Paradigm Files Van Loon Amicus Brief
TLDR: On Friday, Paradigm filed an amicus brief in the lawsuit that six Tornado Cash users brought to challenge the government’s unprecedented sanctioning of the Tornado Cash open-source code. Our argument is simple: OFAC is authorized to sanction only “people” or “entities,” and their “property.” Tornado Cash fits none of those definitions—it is merely open-source code.
In August 2022, the Office of Foreign Assets Control (“OFAC”) sanctioned Tornado Cash and added a list of related blockchain addresses to the Specially Designated Nationals List (“SDN List”),1 including the addresses of the immutable smart contracts that enabled the Tornado Cash “pools.” As a result of this unprecedented attempt to sanction open-source code, in September 2022, six Tornado Cash users filed suit against OFAC, arguing that the designation of Tornado Cash exceeded the agency’s statutory authority because Tornado Cash was not a “person,” “entity” or their “property” and also infringed on the Tornado Cash users’ constitutional rights of free speech and due process. In October, a similar lawsuit was filed by Coin Center. We have supported their efforts.
Responding to the lawsuits, in November 2022, OFAC redesignated Tornado Cash and attempted to clarify its position stating that the “person” it was sanctioning was the “entity known as Tornado Cash.” According to OFAC, this “entity” was composed of two loosely affiliated groups that, when joined together, gave life to a new Frankenstein-like legal “person.” The first half of the Tornado Cash “entity” was composed of the unnamed “founders and associated developers,” which in the context of open-source development, is a highly ambitious term that could include developers who indirectly contributed to Tornado Cash code. The second half of the “entity” was the “Tornado Cash DAO,” made up of every TORN token holder. As our amicus brief argues, OFAC’s novel theory that Tornado Cash is an unincorporated entity is wrong on the law. None of the developers or tokenholders expressed intent to work towards a common purpose, and that is required for the creation of an unincorporated association.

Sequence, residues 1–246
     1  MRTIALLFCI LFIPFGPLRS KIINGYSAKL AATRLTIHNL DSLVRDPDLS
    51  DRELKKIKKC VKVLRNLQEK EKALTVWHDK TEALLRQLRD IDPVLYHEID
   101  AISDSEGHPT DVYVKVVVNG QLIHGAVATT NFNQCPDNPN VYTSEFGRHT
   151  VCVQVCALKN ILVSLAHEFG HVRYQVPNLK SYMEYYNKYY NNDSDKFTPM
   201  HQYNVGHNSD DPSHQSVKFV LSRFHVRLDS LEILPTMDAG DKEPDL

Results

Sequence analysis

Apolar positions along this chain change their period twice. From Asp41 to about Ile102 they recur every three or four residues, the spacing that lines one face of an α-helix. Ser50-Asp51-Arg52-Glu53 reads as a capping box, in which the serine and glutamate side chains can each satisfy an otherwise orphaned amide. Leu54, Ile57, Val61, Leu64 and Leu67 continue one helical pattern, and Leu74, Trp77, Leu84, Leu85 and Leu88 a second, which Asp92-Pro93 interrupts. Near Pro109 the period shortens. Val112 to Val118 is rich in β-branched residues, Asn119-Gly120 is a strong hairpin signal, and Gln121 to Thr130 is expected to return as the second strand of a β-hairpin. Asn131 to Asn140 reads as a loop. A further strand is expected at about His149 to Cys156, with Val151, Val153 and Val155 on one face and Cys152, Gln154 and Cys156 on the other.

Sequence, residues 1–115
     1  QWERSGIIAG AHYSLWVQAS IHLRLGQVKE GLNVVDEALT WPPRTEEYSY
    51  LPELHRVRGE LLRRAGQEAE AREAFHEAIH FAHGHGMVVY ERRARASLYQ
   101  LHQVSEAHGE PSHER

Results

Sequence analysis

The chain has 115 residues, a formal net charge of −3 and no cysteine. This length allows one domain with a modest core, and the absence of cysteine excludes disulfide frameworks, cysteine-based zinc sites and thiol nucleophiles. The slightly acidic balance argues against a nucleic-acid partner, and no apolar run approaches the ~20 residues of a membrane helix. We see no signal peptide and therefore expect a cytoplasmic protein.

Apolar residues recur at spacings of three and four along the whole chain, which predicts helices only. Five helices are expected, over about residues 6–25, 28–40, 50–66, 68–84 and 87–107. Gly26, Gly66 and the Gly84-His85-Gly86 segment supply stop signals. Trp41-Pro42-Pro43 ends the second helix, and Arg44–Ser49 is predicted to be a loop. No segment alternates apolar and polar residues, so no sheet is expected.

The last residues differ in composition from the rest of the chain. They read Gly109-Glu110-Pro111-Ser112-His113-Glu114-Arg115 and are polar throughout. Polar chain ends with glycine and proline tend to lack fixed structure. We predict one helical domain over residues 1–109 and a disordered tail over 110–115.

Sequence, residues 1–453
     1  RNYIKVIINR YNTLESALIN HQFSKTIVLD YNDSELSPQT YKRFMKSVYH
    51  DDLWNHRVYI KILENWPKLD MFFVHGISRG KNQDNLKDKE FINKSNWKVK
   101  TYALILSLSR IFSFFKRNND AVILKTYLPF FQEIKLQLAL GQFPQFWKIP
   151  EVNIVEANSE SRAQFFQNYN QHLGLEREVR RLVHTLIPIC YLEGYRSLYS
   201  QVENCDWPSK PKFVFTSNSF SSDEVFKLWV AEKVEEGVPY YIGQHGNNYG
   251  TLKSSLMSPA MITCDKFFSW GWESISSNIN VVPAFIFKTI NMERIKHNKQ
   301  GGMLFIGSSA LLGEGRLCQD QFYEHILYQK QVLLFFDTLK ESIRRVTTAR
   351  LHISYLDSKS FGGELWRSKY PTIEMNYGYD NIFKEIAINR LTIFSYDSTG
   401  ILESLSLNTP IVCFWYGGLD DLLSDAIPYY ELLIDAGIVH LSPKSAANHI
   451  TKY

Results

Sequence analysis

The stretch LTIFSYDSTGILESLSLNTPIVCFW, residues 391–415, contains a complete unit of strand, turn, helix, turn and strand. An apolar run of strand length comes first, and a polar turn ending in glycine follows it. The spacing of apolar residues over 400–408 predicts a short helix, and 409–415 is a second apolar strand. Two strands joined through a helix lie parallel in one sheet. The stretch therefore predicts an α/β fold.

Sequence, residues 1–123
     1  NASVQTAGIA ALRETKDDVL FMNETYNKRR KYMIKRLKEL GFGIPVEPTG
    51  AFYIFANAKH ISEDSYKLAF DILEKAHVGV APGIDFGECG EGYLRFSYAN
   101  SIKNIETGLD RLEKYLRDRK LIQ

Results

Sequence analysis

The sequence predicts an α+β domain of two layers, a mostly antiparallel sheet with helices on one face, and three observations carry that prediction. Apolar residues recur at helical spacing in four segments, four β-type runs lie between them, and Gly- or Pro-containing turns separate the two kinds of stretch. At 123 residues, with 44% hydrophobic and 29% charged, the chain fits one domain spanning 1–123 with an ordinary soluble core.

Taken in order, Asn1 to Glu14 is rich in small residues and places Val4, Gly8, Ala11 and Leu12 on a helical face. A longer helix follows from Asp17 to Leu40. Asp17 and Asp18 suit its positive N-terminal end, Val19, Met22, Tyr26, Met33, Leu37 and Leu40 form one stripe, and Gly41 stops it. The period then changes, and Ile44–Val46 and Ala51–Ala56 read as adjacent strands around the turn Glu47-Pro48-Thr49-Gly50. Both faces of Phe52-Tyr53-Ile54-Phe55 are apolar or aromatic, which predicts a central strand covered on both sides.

OFAC’s novel theory that “associated developers” could be conscripted into joining a legal entity by virtue of making contributions to open-source code should also be rejected because it threatens the viability of open-source development in the United States. When a developer makes a pull request on GitHub, they are not signing up to be a member of a legal entity. They are simply writing code, which is speech protected by the First Amendment. While OFAC has not sanctioned any of the individual developers or tokenholders to date, they still maintain the power to do so in the future.
Critically, OFAC’s expansive theory that all tokenholders plus developers constitute a legal entity could be applied in other contexts to crypto-enabled communities, like DAOs. To date, U.S. regulators like the CFTC have argued, erroneously in our view, that voting tokenholders constitute an unincorporated association. Here, OFAC is expanding the unincorporated association to include not only all tokenholders (instead of just those that voted), but critically also “associated developers.” If adopted, this theory could therefore materially expand liability for developers and tokenholders. That would be a dangerous loss for developers, tokenholders, crypto as a whole, and the U.S. itself, and we are happy to add our voice to the many crypto representatives speaking out against this case.
Paradigm will keep fighting to defend blockchain users’ right to privacy. If you have ideas for matters we should get involved in, please reach out to firstname.lastname@example.org.
The SDN list contains all countries and regions subject to sanctions, and individuals, groups, and entities, which have their assets blocked and U.S. persons are generally prohibited from dealing with them. ↩